And of course I have to note that Han also had his name changed! He became “Yan Solo”. Which resulted in this little Photoshop gem by Dejah Leger, poking fun at Yann Falquet of Genticorum! Because Dejah’s just awesome like that.

Yann Solo

Yann Solo

The Death Star was “L’Étoile noire”, and the Clone Wars were “La Guerre noire”. Interestingly contradictory to the subtitles in French, which have “L’Étoile de la Mort” and “la Guerres des Clones”. Poking around on Wikipedia suggests to me, from what I can glean out of the French Wikipedia pages, that the translations using “noire” were originally due to trying to sync up with the actors’ mouth motions. I can see “L’Étoile de la Mort” being a problem, with the extra syllables in there.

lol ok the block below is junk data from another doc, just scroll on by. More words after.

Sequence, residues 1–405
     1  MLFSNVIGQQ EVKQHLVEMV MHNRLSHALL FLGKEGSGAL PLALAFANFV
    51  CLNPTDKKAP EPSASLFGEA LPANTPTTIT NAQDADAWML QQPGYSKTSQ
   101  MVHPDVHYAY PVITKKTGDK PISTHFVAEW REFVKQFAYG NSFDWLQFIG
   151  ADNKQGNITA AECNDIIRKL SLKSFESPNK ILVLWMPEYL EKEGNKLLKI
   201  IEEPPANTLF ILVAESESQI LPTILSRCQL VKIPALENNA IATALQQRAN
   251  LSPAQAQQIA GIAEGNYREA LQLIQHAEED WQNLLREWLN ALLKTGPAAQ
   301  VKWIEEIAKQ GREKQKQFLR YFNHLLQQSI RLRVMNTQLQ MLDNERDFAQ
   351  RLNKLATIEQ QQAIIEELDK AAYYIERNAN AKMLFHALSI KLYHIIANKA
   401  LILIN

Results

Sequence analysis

Vader also had his name changed–Darth Vader became Dark Vador, and my immediate guess there is because -th is NOT a sound they make in French. Also, “Vador” is phonetically closer to “Vader” in English, since the -er syllable in French would come out as a long ‘a’ sound. I know this just from all the various French verbs that end in -er! And I’m also pretty sure I caught Vader being called “Seigneur Vador” by more than one Imperial officer.

Third, my favorite bit that I was able to figure out by ear was Leia’s holographic message to Ben. I was able to catch “Vous êtes mon seul espoir”–although the “Help me” part of that line was actually “Au secours”, NOT “Aidez-moi”, as I was expecting. So the whole line was “Au secours, Obi-Wan Kenobi. Vous êtes mon seul espoir.” Because when you’re making a desperate appeal to a venerable Jedi Knight who fought in the Clone Wars, you’re damn well going to be using “vous”.